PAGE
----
- When your team encounters an issue like a team member’s irritation with another team member, how would you reach a resolution? How would you maintain good relationships amongst all?
- How would you get your teammates to work their absolute best at practice?
- What are the reasons for a team being successful? How do you come across that success?
- What other team member would you see as a co-captain? Officer? Why would you work well together?
- What is your experience in being a leader? Name a situation.
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10 Reasons to Join a Dance Team
Think it’s all about cheering from the sidelines? Think again! Here’s why you should consider going out for your school’s dance team.
You and your teammates will bring out the best in each other.
“Being on a dance team has taught me to push myself. My teammates and I motivate each other to grow at every practice, so when competition time comes, we can all be our very best.” —Faymie Westmoreland, University of Tennessee
#2 Teamwork will become your mantra.
“It’s not about individual talent; it’s about what the team can do as a whole. An impressive solo turn combination is cool, but when an entire team does it in perfect unison, it’s amazing.” —Chelsea Woods, University of South Carolina
#3 The skills you develop will help you for the rest of your life.
“Being part of a dance team taught me discipline, time management and how to take constructive criticism—skills that make me a better dancer and a better person. ”—Maren Thueson, Bountiful High School
#4 You’ll get the chance to serve your community.
“One of the best parts about being on a professional dance team is that we have so many opportunities to give back. Some of my favorite team memories are from spending time with the kids at the Primary Children’s Hospital.”—Nicole Gunnarson, Utah Jazz Dancers
#5 You’ll get to keep dancing—and growing—after high school.
“Being on the team has let me continue to share my talents, improve my dancing and make lasting connections in the dance world.” —Michelle Lack, McLennan Community College
#6 You’ll have many “once in a lifetime” experiences.
“As a Carolina Girl, I’ve had opportunities that will stay with me forever. I performed at Williams-Brice Stadium when Carolina beat Number 1–ranked University of Alabama, and I’ve danced on the beach at National Dance Alliance Nationals.” —CW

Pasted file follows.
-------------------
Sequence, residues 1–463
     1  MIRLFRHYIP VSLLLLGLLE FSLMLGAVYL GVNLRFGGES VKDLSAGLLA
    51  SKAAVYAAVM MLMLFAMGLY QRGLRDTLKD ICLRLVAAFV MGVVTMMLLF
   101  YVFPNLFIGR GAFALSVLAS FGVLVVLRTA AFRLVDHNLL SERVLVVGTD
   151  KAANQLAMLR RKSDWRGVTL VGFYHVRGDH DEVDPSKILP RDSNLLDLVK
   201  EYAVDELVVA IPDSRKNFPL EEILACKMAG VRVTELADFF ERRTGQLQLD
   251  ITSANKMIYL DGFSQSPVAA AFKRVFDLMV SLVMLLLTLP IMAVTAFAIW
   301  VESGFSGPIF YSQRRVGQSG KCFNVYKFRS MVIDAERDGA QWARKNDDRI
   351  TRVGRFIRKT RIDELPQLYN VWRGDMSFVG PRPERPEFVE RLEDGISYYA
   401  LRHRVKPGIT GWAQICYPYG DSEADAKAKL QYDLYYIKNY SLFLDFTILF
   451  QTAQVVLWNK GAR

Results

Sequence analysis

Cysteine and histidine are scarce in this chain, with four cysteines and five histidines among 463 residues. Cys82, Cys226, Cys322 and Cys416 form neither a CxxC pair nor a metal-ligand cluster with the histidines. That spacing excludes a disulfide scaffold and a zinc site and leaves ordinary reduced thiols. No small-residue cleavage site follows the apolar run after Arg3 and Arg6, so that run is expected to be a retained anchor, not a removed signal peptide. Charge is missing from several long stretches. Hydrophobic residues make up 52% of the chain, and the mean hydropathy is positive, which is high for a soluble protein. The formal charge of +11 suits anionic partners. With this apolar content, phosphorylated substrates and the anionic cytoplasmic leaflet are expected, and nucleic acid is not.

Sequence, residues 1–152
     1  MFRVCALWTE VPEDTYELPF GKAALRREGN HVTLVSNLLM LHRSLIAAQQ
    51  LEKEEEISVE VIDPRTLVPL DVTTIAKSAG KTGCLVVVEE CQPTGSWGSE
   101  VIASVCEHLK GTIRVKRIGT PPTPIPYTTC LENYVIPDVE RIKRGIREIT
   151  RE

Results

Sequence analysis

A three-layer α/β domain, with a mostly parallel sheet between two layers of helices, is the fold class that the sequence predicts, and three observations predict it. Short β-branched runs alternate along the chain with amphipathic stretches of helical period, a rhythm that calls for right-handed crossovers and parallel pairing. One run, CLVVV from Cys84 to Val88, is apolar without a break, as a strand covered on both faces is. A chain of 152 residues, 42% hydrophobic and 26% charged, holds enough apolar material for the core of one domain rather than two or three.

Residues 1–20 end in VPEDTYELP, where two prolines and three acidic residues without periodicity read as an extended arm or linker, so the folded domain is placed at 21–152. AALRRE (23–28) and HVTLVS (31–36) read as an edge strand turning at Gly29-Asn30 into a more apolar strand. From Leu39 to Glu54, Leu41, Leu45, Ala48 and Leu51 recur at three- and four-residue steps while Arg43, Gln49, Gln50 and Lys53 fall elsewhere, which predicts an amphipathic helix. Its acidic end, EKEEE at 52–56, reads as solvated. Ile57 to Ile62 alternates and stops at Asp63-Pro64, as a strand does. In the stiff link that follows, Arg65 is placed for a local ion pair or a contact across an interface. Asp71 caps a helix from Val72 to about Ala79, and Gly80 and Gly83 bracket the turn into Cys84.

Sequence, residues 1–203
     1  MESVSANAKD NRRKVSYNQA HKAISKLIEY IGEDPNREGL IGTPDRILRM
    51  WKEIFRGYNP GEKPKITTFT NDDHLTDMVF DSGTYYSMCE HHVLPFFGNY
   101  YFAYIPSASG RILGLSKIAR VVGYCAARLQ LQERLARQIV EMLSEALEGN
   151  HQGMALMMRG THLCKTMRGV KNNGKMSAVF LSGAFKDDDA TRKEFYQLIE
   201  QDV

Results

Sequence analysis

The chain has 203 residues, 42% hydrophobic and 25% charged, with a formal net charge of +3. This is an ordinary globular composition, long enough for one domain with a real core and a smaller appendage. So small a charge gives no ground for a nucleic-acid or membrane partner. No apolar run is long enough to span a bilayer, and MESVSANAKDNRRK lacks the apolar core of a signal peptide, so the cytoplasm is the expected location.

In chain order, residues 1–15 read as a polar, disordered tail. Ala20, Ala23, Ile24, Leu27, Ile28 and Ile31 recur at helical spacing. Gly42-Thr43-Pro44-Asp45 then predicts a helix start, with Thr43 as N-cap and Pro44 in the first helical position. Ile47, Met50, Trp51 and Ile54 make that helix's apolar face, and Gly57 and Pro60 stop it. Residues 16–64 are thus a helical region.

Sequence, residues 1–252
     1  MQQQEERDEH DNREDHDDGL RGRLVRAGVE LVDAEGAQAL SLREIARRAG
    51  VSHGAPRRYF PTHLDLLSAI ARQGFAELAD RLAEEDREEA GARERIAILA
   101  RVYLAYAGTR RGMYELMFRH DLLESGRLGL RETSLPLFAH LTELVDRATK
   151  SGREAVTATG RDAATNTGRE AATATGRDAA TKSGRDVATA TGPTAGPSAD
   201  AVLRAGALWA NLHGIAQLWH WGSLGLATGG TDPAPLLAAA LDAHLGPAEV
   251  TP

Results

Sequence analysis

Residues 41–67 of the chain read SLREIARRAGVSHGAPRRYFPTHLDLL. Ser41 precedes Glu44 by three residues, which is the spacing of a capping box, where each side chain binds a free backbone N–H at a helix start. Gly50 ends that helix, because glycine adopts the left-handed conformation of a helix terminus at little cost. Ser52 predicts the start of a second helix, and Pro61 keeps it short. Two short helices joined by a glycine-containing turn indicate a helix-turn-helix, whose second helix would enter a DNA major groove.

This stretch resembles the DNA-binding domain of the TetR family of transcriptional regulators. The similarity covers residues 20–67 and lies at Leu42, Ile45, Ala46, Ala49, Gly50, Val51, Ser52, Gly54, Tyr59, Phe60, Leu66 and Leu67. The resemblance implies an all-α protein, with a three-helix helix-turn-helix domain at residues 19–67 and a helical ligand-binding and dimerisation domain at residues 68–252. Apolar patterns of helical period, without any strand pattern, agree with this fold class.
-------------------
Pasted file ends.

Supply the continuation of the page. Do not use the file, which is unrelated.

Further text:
#7 You’ll learn how to be a role model.
“Dancing in front of 100,000 people forces you to have confidence and poise. You never know who’s watching, so you have to think of yourself as a role model to any little girl in the crowd.” —FW
#8 You’ll see first hand that hard work pays off.
“Rehearsing just three dances every day for nine months can seem tiresome and monotonous, but winning the state championship at the end of the year makes it all worth it.” —MT
#9 You’ll get serious adrenaline rushes.
“The excitement of performing in front of massive crowds is incomparable. It makes all the hard work in rehearsals worth it. The atmosphere is electric, and I feel so much unity with my team.” —NG
#10 You’ll become part of a sisterhood.
“Freshman year in college can be overwhelming, and it’s easy to feel lost. But being involved in dance team gave me a family away from home. My team is my best support group. ” —ML
How to get into a dance group like Todes?
I want to dance professionally, but only not in clubs, but at various concert performances, dancers, etc. Who knows how to get there?
Trinify your mouth with your ass then there will be a chance. ..
Expert in Eastern practices
Vera Vladimirovna Zolotykh
I am 14 years old, I have been dancing for about 9years old, I want to get to Todes. I know It's very hard. I'm ready to give all my best.
To sign up for a casting, send your CV to e-mail: [email protected] with the note "Casting". We need experienced and diligent dancers!
You can also enroll right now and start training at our school-studio, and then move on to the main ballet team.
nothing if there is no one you know in the dance environment or a philanthropist. Plus, you need to "cook" in dancing since childhood. be able to sit on all types of twine, be in shape, i.e. not prone to fullness.
Lenusik 9005 Good day! and I heard that preference is given to their own students from the studios. Well, how can I go to the studio if there is no one to pay for training in it? For example, due to my age, I do not have the opportunity to earn such an amount (((((
My husband and his children and grandchildren infuriate me ...
The man immediately warned that all the property was recorded on children
Such a salary - I do not want to work9025 in the loser. of the year. How to destroy?
Husband left, 2 months of depression... How will you cope if you are left all alone?
I'm interested in the age limit for casting.
There is no TODES studio in my city, but I have been dancing and still do it, moving to Moscow is not a problem for me, but I am 25 years old. .. is it possible to get into the main team at that age??
I'm interested in the age limit for casting.
There is no TODES studio in my city, but I have been dancing and still do it, moving to Moscow is not a problem for me, but I am 25 years old... is it possible to get into the main team at that age??